The staggering number of voters locked out of this year’s EU elections has been revealed. It’s a shame on our democracy
In a new report, the Electoral Commission has explained how our electoral system was unable – or unwilling – to do what was necessary to make sure everyone got a vote in May’s EU elections
There is a feeling in our democracy that our future is being decided on the basis of limited information, or even fake news. More than that, there are worries that not enough people are taking part in the electoral process – and that too many are being barred from taking part at all. But it’s more than just a feeling; the evidence to back it up is mounting.
According to a new report from the Electoral Commission, no fewer than 1.7 million EU citizens living in the UK – all of whom had previously been registered to vote – were unable to vote in this year’s European elections. That’s four out of every five EU citizens on the electoral roll. Everyone who professes to care about democracy should be alarmed.
While it’s not possible to establish the exact numbers, the commission estimates that only 450,000 EU citizens were formally registered to vote for the European parliament elections after returning the additional declaration form required to ensure they can vote in the UK. The commission also noted that some of the 1.7 million who had voted previously in the UK may have either decided to vote in another EU country where they held citizenship or chosen not to vote at all.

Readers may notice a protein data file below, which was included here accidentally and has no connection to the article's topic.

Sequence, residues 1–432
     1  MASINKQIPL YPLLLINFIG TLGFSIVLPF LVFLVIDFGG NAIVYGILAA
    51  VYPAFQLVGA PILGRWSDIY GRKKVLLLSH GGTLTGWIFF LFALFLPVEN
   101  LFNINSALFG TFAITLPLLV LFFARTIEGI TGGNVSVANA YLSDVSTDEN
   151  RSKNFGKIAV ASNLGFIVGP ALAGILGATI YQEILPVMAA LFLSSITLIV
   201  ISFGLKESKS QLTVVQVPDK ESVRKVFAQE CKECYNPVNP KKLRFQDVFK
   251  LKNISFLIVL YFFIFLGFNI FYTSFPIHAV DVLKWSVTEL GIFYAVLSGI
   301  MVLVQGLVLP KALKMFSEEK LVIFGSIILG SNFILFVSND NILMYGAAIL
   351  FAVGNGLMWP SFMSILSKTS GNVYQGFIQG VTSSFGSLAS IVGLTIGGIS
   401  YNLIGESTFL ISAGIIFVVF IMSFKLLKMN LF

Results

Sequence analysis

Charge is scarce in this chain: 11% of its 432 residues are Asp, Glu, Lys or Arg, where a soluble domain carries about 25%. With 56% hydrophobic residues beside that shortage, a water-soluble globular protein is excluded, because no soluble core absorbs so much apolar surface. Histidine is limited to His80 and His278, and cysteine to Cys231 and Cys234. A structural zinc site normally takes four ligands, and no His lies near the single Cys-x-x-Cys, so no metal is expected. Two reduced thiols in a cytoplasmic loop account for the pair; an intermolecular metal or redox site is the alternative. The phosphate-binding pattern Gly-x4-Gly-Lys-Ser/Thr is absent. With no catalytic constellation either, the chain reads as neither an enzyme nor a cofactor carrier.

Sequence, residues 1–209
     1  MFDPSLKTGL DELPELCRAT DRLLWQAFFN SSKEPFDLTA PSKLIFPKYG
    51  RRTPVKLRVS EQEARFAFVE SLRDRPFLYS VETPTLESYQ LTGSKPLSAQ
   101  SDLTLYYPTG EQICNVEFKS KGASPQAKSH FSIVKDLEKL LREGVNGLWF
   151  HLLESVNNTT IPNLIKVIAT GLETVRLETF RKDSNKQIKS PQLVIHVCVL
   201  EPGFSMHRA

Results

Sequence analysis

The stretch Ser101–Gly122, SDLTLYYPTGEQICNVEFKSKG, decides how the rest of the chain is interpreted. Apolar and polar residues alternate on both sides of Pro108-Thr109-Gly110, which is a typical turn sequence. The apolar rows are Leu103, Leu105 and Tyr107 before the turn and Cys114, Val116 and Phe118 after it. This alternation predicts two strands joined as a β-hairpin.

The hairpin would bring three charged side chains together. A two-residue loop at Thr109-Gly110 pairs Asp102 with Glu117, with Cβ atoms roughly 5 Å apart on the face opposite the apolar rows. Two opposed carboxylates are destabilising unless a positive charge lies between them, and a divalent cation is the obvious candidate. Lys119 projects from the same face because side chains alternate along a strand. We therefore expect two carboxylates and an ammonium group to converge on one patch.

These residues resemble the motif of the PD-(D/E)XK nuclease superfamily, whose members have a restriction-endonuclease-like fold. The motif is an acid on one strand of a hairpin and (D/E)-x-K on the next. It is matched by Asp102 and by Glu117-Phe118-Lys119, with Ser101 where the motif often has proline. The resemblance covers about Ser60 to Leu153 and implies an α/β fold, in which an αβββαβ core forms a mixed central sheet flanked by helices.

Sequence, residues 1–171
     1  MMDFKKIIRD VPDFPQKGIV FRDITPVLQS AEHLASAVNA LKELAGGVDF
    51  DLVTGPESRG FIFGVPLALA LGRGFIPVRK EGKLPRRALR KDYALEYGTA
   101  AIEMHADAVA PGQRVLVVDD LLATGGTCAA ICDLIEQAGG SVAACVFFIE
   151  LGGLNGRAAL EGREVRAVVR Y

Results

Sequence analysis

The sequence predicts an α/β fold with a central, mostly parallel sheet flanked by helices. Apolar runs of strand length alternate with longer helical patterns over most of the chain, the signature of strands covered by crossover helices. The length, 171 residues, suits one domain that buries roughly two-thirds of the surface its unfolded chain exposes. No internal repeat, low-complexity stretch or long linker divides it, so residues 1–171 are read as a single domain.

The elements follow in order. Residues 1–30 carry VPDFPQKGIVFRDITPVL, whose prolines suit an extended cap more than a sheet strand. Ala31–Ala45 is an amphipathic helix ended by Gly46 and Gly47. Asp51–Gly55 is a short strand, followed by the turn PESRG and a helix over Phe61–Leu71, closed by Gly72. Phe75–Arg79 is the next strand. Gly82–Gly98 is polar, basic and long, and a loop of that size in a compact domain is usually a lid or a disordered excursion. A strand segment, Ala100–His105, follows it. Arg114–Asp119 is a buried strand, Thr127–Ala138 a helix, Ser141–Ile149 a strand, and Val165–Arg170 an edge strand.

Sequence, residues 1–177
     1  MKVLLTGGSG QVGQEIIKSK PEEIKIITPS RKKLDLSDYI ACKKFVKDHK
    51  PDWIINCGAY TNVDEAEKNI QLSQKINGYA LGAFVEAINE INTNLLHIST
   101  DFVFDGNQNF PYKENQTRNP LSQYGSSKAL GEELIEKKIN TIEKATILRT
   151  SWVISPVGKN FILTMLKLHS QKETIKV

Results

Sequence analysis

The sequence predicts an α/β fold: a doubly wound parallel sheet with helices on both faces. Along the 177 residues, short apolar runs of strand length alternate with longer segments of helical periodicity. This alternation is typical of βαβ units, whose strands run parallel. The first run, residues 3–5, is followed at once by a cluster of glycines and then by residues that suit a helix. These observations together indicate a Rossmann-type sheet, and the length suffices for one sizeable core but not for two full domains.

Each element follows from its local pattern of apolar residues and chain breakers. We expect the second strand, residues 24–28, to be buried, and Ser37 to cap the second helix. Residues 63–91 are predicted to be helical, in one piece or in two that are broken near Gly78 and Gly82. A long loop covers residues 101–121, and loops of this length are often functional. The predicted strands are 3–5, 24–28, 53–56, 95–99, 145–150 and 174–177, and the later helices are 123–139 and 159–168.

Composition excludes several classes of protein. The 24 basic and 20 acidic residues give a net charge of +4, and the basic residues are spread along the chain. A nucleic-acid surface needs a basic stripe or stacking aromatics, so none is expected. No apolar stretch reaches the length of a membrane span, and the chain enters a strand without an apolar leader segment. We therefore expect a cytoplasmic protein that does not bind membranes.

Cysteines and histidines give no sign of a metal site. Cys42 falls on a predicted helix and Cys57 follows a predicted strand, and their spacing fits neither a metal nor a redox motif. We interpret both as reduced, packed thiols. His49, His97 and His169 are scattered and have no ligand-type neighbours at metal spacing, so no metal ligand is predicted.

Meanwhile, during the EU elections, when I was running the Remain United tactical voting campaign and website, my team and I were inundated with calls and emails from EU citizens who were being denied their chance to vote. People who wanted to vote told us of being devastated to see their names on the registers, but crossed off due to clerical errors by local council staff. Some of them faced aggressive accusations that they were lying when they sought to secure their democratic rights.
We encouraged as many as possible to return and insist that they had the right to vote. Some were successful, but we could hear the pain and emotion in their voices. They were longing to vote, but being silenced by the country they live, love and contribute to and think of still as their home.
Some had queued for hours at council offices and laboriously filled in forms. Others followed the complex rules precisely and posted their votes – only to be told they never arrived or arrived too late.
Too much bureaucracy was often cited as the problem. The “UC1 forms” these voters were required to submit were notoriously difficult to complete. This is not a new problem: after the 2014 EU elections, the Electoral Commission was heavily criticised for putting too many bureaucratic hurdles in EU citizens’ way, and it promised to simplify the procedure so they could more easily register to vote in the European elections in the UK. Clearly, it had not done so by May this year.